The panel 2 is a charge-coupled device of the type sold by Thomson-CSF as a TH-7852. It is a solid-state image sensor that delivers a video signal having 288 lines each consisting of 208 pixels. Further reference should be had to the Thomson-CSF publication "Data Tev 3513" for further details. FIGS. 2 and 3 show in largely diagrammatic form how the panel 2 is comprised of a row of image sensors or zones 4 spaced apart in a direction 7 parallel to the workpiece travel direction 13. Each of these sensors 4 is connected to a respective stage or storage zone 5 of a shift register whose readout or output register 6 is connected through an output stage 8 to a video amplifier 20. The signal produced by this amplifier 20 can be displayed or printed as an image, or further processed to decode or otherwise analyze it. Thus the system of this invention can be used to monitor a surface to see if it is properly printed or has flaws, or it can read indicia or codes on the surface for inventory or process-control purposes.
According to this invention the shift register 5, 6 is cycled by an appropriate clock circuit 10 so that the reading of the successive sensors 4 is done at the same speed as the workpiece travel speed. Thus if, for example, the workpiece 1 is moving every second through a distance equal to ten times the length of the panel 2 in the parallel directions 7 and 13, the clock 10 will cycle the register 5, 6 at 10 Hz, which means that each input register will be dumped into the next register and the furthest downstream register 5 will be dumped into the output register 6 ten times per second. As a result the exposure of each portion of the workpiece 1 is equal to the time this portion takes to pass under the entire panel. The brightness of the image thus obtained with each cycle will be equal to z times that of the individual images picked up by the sensors 4, z being equal to the number of sensors 4 in the panel 2.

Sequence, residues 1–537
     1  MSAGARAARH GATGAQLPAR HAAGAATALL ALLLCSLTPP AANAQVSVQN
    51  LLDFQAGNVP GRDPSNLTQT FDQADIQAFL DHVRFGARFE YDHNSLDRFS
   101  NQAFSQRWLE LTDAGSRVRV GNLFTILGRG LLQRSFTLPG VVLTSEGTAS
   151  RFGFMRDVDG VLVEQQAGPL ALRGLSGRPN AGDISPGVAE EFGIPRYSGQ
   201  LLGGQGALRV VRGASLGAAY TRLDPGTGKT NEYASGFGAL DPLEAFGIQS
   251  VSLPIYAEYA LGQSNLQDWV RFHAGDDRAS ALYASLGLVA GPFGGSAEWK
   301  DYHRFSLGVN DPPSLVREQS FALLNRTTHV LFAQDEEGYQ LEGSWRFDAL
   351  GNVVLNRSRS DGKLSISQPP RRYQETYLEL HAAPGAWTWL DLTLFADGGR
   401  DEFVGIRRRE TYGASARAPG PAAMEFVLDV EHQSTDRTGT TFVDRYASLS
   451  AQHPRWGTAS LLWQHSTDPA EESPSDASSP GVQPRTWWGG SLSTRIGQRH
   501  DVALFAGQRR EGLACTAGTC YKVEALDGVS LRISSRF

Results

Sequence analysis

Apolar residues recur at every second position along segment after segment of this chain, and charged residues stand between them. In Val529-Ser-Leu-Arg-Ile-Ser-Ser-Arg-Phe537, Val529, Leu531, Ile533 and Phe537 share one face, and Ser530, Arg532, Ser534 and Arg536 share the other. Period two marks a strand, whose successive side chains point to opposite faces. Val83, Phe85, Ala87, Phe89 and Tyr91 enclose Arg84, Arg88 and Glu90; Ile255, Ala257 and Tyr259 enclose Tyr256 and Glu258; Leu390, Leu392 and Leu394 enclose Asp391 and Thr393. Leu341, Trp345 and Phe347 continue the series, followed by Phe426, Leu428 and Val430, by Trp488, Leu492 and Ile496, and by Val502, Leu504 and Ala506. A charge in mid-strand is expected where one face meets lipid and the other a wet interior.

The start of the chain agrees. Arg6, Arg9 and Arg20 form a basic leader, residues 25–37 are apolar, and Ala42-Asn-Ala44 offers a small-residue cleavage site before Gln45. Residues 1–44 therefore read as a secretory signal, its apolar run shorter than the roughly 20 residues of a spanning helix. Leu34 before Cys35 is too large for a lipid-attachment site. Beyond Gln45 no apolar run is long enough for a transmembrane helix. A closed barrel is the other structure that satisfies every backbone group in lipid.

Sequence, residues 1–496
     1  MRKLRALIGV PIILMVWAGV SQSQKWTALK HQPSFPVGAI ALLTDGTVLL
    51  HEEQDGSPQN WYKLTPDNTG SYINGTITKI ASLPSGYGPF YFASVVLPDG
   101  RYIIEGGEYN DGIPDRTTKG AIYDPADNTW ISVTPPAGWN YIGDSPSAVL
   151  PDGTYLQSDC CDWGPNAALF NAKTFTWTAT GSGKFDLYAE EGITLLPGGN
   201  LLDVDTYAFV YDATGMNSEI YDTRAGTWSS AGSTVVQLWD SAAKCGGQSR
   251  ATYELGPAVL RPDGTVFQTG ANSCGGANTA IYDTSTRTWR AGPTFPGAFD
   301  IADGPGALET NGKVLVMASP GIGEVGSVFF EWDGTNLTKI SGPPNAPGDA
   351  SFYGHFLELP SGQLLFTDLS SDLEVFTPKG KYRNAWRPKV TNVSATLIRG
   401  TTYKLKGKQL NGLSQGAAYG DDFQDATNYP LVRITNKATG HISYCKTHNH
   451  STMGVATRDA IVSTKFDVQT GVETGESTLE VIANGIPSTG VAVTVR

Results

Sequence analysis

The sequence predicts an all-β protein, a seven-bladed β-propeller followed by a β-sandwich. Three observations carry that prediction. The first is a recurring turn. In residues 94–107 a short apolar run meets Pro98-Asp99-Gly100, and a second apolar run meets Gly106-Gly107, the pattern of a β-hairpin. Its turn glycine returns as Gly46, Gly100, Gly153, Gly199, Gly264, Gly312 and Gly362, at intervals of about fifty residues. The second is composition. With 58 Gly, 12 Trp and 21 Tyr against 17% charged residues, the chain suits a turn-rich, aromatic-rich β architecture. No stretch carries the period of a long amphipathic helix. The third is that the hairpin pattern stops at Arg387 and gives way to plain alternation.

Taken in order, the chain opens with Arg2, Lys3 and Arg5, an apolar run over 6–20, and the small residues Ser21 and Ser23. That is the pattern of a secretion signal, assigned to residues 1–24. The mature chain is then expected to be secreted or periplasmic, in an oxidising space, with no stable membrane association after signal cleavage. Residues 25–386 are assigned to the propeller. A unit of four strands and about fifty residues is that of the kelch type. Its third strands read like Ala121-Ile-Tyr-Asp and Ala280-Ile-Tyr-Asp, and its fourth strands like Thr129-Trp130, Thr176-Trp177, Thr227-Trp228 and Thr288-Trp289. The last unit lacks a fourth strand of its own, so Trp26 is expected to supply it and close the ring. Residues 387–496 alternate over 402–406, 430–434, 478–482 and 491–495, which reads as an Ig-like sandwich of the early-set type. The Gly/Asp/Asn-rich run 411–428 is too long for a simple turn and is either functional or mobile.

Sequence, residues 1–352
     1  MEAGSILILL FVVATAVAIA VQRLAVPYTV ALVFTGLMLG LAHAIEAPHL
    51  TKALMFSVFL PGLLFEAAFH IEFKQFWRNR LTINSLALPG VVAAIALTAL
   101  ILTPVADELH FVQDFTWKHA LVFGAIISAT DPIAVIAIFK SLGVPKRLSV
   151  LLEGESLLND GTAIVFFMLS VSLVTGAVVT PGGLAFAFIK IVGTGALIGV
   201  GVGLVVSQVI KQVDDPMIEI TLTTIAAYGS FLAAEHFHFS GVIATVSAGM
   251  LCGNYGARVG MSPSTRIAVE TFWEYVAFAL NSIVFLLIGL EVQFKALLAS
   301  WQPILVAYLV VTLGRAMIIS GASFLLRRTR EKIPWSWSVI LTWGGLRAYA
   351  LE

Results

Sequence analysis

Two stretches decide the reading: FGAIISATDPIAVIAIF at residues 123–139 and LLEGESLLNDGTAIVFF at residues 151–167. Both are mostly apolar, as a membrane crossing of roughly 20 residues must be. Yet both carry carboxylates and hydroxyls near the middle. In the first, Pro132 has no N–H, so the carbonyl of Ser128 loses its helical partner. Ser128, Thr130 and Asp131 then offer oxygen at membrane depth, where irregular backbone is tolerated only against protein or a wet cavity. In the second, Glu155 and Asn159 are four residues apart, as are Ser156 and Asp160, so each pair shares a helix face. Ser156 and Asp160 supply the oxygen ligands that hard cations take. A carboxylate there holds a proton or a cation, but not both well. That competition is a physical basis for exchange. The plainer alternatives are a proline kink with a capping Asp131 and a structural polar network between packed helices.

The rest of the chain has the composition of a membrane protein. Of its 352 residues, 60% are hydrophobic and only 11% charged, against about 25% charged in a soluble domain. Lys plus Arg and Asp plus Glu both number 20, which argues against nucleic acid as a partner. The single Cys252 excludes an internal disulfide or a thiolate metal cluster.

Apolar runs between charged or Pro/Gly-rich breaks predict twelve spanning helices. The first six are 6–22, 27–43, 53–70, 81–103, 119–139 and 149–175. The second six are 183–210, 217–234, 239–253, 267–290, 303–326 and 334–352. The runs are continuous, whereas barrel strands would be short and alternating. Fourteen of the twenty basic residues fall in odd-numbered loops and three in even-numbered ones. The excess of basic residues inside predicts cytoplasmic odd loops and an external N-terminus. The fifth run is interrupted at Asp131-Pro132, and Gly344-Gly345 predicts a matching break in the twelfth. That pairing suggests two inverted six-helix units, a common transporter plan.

Normally each sensor 4 is formed by a p-n junction separating two light-generated charge carriers and is connected to electrodes that can empty it into the respective shift-register level 5. Thus each sensor feeds image information continuously to the respective register level 5 so that even though the lens system 3 and panel 2 are stationary, it is possible to derive an accurate picture of a surface of the moving workpiece 1 with, in effect, a relatively long exposure time. The amount of light needed for such an exposure is limited, and the redundancy of scanning each portion of the workpiece with all of the sensors 4 ensures that the image picked up will be very accurate, with any minor equipment-related interference largely eliminated by the multiple scanning.
As mentioned, it is essential that the cycling of the register 5, 6 be synchronized with the forward advance of the workpiece 1. This can be achieved in several ways described below:
As seen in FIG. 1 the output of the amplifier 20 is fed to a contrast-measuring stage 12 of a synchronizing device 11. This stage 12 comprises an analog/digital converter 25 whose output is split and fed directly to one input of a comparator/processor 26 and indirectly through a delay circuit 27 to the other input of the comparator/processor 26. The comparator/processor 26 compares the incoming signals which represent adjacent locations on the goods 1 separated by a spacing determined by the delay of the circuit 27 and produces an analog signal having a magnitude proportional to the difference between the signals or a digital output having a frequency proportional to this difference. Either way the signal of the comparator/processor 26 is directly related to the difference in brightness between adjacent locations on the goods 1 and is, therefore, proportional to contrast. The processor part of the circuit 26 integrates this signal to determines if it changes and generates an output that is of one polarity if the contrast is determined to be decreasing and of the other polarity if it is determined to be increasing, this output being stable or zero when there is no significant change in contrast. This output is then fed via a switch 22 described below to the clock generator 10 which includes circuitry that, for instance, first increases scanning speed of the panel 2 and, if this is not found to increase contrast, decreases this scanning speed until the contrast measurer determines that there is no further increase in contrast.